A woman whose quadriplegic husband fell about one metre from a taxi’s wheelchair hoist, hitting his head and shoulder on the road, says she has been waiting more than a month for answers.
Kylie Vosa and her husband Maciu were attempting to leave Melbourne Airport when his wheelchair rolled backwards off the hoist; he had to spend the night in the emergency department.
“My husband and his carer waited on the ranks while I put some bags in the car,” Ms Vosa told ABC Radio Melbourne’s Jon Faine.
“He was wheeled onto the back of the hoist and from what I hear it wasn’t entirely flat on the ground, it was a bit inclined.
“As a result when the driver raised it up he rolled off the back and fell backwards off the hoist from about a metre high and landed on his shoulder and whacked his head on the road.
“It was horrifying for us. My husband thought he had broken his neck again.”
While Mr Vosa escaped the accident with no broken bones, it set his recovery back.
It had taken him three years to be able to use a manual chair but after the fall he can no longer do that and is back to using a powered chair.
His family is still waiting to see what the damage to the wheelchair is. It was only four weeks old and cost about $9,000.
Wait for answers continues
Ms Vosa reported the incident to the Taxi Services Commission, but more than one month has passed and the investigation has stalled.
She said she was told the driver had reported the incident to Silvertop Taxis two days after it happened.
But they failed to notify the Taxi Services Commission — the government regulator — which along with the police are the only ones who can request the CCTV footage.
As a result, the footage was never saved and has been taped over.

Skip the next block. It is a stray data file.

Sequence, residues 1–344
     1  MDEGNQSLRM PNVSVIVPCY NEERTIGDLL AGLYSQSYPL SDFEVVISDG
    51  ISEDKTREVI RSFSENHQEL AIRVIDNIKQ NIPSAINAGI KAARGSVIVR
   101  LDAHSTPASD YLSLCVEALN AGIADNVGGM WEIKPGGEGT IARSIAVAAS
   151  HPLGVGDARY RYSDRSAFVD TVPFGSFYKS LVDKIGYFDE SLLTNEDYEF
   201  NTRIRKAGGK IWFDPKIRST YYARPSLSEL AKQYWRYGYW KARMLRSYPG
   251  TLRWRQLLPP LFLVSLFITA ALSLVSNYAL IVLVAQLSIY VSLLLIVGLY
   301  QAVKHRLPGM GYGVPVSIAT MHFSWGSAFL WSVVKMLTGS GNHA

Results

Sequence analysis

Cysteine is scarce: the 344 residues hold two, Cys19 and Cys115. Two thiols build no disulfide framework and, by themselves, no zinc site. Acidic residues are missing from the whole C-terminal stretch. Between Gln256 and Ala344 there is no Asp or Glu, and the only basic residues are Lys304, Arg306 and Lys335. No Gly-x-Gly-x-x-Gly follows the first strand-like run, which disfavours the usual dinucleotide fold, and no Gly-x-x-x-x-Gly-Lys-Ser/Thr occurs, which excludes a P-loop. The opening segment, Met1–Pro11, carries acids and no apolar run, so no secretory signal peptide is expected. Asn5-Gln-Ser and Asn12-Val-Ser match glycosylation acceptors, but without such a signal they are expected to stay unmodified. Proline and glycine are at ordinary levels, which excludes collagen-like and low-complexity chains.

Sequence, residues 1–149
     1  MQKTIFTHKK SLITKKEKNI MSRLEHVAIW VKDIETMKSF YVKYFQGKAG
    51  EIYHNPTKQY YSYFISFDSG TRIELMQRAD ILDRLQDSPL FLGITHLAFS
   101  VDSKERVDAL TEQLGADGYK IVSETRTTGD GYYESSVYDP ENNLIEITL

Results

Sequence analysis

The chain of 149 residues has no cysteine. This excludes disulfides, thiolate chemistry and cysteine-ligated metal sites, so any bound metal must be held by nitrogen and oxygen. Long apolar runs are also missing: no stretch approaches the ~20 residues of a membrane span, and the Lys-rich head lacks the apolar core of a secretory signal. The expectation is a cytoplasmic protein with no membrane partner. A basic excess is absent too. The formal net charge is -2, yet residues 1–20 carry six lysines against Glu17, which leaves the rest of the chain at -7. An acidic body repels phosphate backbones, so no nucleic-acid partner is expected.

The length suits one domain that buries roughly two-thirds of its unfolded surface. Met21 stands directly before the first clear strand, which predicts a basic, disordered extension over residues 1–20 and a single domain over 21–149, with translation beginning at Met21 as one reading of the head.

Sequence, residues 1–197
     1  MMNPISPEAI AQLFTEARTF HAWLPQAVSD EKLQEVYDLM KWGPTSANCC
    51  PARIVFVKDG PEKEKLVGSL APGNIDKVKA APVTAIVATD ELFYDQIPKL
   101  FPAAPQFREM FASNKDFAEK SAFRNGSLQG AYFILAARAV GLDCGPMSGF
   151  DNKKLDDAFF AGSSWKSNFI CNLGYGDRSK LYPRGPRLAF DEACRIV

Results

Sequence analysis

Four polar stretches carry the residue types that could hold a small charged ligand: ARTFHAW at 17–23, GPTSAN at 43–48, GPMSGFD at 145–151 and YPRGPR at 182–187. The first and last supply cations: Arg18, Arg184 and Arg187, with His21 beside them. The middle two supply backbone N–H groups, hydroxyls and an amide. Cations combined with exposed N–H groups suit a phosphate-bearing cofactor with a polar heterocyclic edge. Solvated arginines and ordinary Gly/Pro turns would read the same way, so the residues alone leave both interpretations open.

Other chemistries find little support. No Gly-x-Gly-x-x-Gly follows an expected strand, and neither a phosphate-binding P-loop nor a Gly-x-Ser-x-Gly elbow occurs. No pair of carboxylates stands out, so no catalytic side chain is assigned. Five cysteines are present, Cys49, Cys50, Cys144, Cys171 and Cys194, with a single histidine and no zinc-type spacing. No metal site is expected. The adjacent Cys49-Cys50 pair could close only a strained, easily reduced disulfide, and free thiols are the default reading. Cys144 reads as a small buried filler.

“We’ve had over a month of chasing this up and we’re pretty much just hitting dead ends,” Ms Vosa said.
Taxi Services Commission chief executive Aaron de Rozario said Melbourne Airport had failed to hand over its footage, that is, until the story was aired on ABC Radio.
“I’m pleased to say I think we’re going to get that footage today,” Mr de Rozario said on Tuesday.
“We generally don’t have problems getting CCTV footage from Melbourne Airport. I don’t know why it happened in this particular circumstance but I don’t think it will happen again.”
He said this kind of incident was “almost always preventable”.
“It’s never OK for anyone, ever, to be injured in a commercial passenger vehicle or a taxi,” he said.
“We’re currently investigating what happened and why, and if we find that there was negligence on the part of the driver or anybody else we will take action and that can include cancelling that driver’s accreditation.”
Mr de Rozario confirmed the commission had received seven complaints about similar incidents in the past two months.
“This is an extraordinary aberration and we’re looking into what has occurred here,” he said.
“Over the last couple of years, the number of complaints in this area has been going down, but there should be no incidents of this kind happening at all, so any complaint is a concern for us.”
‘It could have been a lot worse’
Ms Vosa agreed the figures were concerning.
“If they’re telling me that there’s five in the last month alone then definitely there’s an issue there that needs to be looked into,” she said.
“God knows what the accessible vehicle training entails but it’s definitely something that needs to be looked at.”
Ms Vosa said her husband was slowly on the improve.
“He’s getting there. It could have been a lot worse.”